இந்த மாத ஸ்ருதி இதழ், ஓவியர்/பாடகர் சிறப்பதிழாக மலர்ந்துள்ளது.
ஸ்ருதி பத்திரிக்கையின் contributing editor-ஆக 20 வருடங்களுக்கு மேல் இருந்தவர் ராஜம். ராம்நாராயண், ஜானகி, ஸுதா என்று ஸ்ருதி குடும்பத்தினர்கள் எழுதியுள்ள கட்டுரைகள் நெஞ்சைத் தொடுகின்றன. 80-களில் ஸ்ருதி பட்டாபிராமன் ராஜத்தைப் பற்றிய எழுதிய கட்டுரையும் மீள் பிரசுரம் ஆகியிருக்கிறது.
இவை தவிர, என்னை மிகவும் கவர்ந்த கட்டுரை ஓவியர் (ஹிந்து புகழ்) கேஷவுடையது.
collector’s item-ஆக மலர்ந்துள்ள இவ்விதழைப் இங்கு பெறலாம்
இச் சிறப்பிதழில் வெளியாகியிருக்கும் என் கட்டுரை கீழே.
I can neither sing nor paint. Yet I regard myself as S.Rajam’s disciple, as I sincerely hope to follow his bani of living life (Raja Margam). I met Rajam sir on a Vijayadasami day in 2006, when I interviewed him for my GNB book. Despite poor health, he gave me a detailed interview.
He was painting a Saptamata series then. When I pointed out that his depiction was significantly different from the early Chola sculptures, his eyes lit up. An ardent admirer of Chola and Pallava art, he couldn’t wait to see the photographs of those sculptures. From then on, my visits to Chennai were never complete without a session with Rajam sir.
Rajam sir had the rare ability of objectively analysing music. He did not let the person behind the music influence his analysis. His accounts of the likes of Ambi Dikshitar, Papanasam Sivan, and Madurai Mani were a real treat. It was as if he was living those moments again. Every time I asked him about his experience of learning from Mylapore Gowri Amma, he sang “Tiruvotriyur Tyagarajan” and “Ettanai sonnalum”. The way he mimicked Gowri Ammal’s abhinayam is unforgettable.
I have watched him teach from close quarters. Each session was a peek into his creativity, as he would spontaneously unfold sangati after sangati even in the rarest of the kritis.
I had the good fortune of seeing the Saptaswara paintings bloom from the details mentioned in the ‘Sangita Kalpadrumam’ of Muthiah Bhagavatar. To watch the way Rajam sir went about his research and the layers he created literally and figuratively to depict all the details was a once-in-a-lifetime experience.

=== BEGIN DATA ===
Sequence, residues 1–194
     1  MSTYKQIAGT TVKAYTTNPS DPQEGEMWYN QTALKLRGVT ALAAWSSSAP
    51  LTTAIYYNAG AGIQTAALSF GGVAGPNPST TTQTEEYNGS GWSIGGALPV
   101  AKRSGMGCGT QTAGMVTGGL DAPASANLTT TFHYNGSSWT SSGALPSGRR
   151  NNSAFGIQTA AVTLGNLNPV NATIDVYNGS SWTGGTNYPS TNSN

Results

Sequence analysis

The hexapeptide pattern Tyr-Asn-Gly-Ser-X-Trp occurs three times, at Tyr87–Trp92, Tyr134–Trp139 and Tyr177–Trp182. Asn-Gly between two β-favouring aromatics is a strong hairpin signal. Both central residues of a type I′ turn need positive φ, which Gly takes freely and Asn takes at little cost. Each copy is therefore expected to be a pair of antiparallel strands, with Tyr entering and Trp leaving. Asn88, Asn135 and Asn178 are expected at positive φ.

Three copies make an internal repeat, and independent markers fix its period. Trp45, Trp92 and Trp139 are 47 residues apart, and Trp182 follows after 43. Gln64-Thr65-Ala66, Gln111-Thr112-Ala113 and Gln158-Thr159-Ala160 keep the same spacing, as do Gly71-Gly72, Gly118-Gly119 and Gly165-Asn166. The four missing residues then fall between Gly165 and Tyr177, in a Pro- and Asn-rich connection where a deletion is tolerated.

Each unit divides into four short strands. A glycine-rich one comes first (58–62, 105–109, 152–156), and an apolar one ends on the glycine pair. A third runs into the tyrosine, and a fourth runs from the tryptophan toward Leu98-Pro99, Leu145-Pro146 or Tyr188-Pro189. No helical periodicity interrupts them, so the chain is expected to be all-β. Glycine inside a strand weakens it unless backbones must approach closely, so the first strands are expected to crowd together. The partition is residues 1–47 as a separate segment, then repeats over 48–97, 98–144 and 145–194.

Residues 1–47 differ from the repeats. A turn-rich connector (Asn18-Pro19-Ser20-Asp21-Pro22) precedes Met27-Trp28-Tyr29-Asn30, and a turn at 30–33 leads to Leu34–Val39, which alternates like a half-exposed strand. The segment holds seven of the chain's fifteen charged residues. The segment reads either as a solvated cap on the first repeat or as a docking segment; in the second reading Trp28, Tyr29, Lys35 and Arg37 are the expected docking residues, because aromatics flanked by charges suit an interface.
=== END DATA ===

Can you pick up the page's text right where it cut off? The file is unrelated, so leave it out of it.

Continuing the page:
We would discuss something in a very casual way and the next time I visited him, Rajam sir would have painted something based on our conversation. Once I asked him if the similes mentioned in kritis were realistic. Rajam sir responded with an extempore line drawing of the kriti “Anta Rama soundaryam” (See Illustration), depicting the various similes and their correlation to an attribute of Rama.
For the past six months, I have been involved in making a documentary on Rajam sir. Despite his difficulty in moving about, Rajam sir gave me the utmost cooperation and often suggested frames and lighting during the shoot. He also created some paintings exclusively for the documentary. Our crew and I were shattered when we realized that Rajam sir wouldn’t be around when we screen the documentary.
A few months ago, at 91, Rajam sir wanted to paint all the 108 karanas. He also said, “I painted the trinity long ago and the painting has become famous. Only a few days ago, I realised that I hadn’t painted the Tamil Isai trinity”. He wanted me to look out for details on Marimutha Pillai. He also wanted to depict the entire Soundarya Lahari through his paintings. I’m sure he had much more in his ‘to-do’ list.
The last wish he expressed to me when I recently met him at Isabel Hospital was to celebrate ‘Kotiswara Iyer day’ annually. I hope his disciples will fulfil this wish. While I cherish the many wonderful moments I had with Rajam sir, the very thought that he won’t be around when I visit Chennai next is difficult to deal with.
அந்த ராம் சௌந்தர்யம் கிருதியில் வரும் உவமைகள்
அரவிந்த மலர் – காலுக்கு
அட்சயத் துணி – முழங்காலுக்கு
துதிக்கை – தொடைக்கு
பூமி – விரிந்த மார்புக்கு
கமுகு மரம் – கழுத்து
மலை – புஜங்கள்
பவளம் – வாய்
மன்மதன் – அழகு